An evening of summer dreams

On Thursday Nellie and I stepped into a bit of a different world. Through a work connection we somehow ended up at the ROM as guests for a charity event supporting Camp Oochigeas, a getaway camp in Muskoka for kids with cancer. It was our first time at a shindig like this and, while a little weird for us, it was a ton of fun.

The evening started with cocktails, the most delicious Kobe beef sliders I’ve ever tasted and a silent auction on dozens, maybe hundreds of items ranging from individual bottles of wine to trips, TVs, celebrity-designed paddles and many more. The one item that caught our eye was a painting, provided by Canvas Jam. The Pollock-esque painting had been done by Ooch kids, and it had the extremely rare quality of appealing to both Nellie and I. Seriously, we never like the same art, and that it had a backstory this special made it pretty appealing to us. We made an initial bid, and agreed on a limit for later when the bidding really heated up.

The crowd was moved into the main hall for dinner, introductory remarks and a virtually never-ending supply of wine. The emcee for the evening was Q107’s John Derringer, and he pointed out Beverly Thomson and Mike Komisarek (to whom, as a Habs fan, I am obliged to say: “boooo!”) in the crowd, but the real star of the night was a young lady named Heidi Hayes.

Heidi is an energetic, athletic, ridiculously charming girl who’s done some acting (including a part in The History Of Violence) and who happens to be recovering from some form of cancer that I can’t remember and couldn’t pronounce if I did. She was, of course, a former Ooch camper and was there to tell her story. Needless to say, by the end of her story the crowd was standing, clapping and shedding a few tears, utterly charmed by miss Hayes and unlikely to ever forget her. As Mr. Derringer pointed out after returning to the microphone, so long as Heidi is willing to tell her story for Ooch they’ll never have trouble raising the funds they need.

Those funds, in this particular case, were for their Summer Dreams program. Since so many kids are unable to get away from the hospital or their families for two weeks, Ooch is coming to them, building a location near the Toronto hospital district. To that end, the evening features a live auction for some premium items to go along with the silent auction and general donations throughout the evening. And this is where it got fun.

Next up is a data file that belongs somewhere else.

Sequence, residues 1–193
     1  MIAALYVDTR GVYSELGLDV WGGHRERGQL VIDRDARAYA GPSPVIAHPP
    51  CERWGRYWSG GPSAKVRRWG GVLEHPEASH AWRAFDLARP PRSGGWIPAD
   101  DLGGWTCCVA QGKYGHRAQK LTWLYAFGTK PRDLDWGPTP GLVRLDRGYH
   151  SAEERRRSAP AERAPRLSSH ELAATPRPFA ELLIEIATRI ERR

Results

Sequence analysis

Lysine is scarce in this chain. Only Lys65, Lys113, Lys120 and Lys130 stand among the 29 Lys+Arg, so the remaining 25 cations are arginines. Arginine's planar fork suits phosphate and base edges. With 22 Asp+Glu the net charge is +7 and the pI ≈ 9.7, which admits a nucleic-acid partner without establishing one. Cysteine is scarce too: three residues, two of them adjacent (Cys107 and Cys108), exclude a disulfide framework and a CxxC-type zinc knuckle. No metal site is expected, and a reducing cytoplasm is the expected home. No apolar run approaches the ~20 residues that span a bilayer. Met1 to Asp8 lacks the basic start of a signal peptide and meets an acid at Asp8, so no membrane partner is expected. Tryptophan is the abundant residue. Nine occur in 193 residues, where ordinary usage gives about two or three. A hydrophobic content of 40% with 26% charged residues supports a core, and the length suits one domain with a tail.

Somewhere between the $15,000 it took to win a Muskoka getaway and round of golf with Bobby Orr, and the $13,000 bid on a 52-bottle fridge filled with some unbelievable wines (1990 Lafite anybody?), we realized that we simple folk from farm and military base were faaaaaar from home. But damn, it was fun. One table spent $40,000 on 3 lots. I don’t know where those guys work but I hope they’re hiring.

Anyway, with that excitement done, we were in for a little of our own. We got back to the silent action. Somebody had bid very aggressively on our painting, but we matched. Then he threw up another big bid. We snuck one more bid in at the last minute, and he came back, ready to bid again. Nellie shrewdly engaged him in conversation as they compared notes about who wanted it more. While they discussed it the staff came around and collected the books with the winning bids…so I guess we wanted it more!

We were now the proud owners of some Ooch art (sorry for the shaky iPhone pic). I immediately began to worry that this wouldn’t seem like such a great idea the next (sober) morning, but there’s been no buyer’s remorse as yet. We’ll pick it up next week but we already have a few walls in mind. Oh, and T-Bone won dinner at Nota Bene, so we all made out well.

Overall a really fun, interesting night with good friends for a fantastic cause. And art! Hard to beat that.

0 responses to “An evening of summer dreams

  1. Pingback: 2010 annual report: expansion – Skirl | Dan Dickinson·

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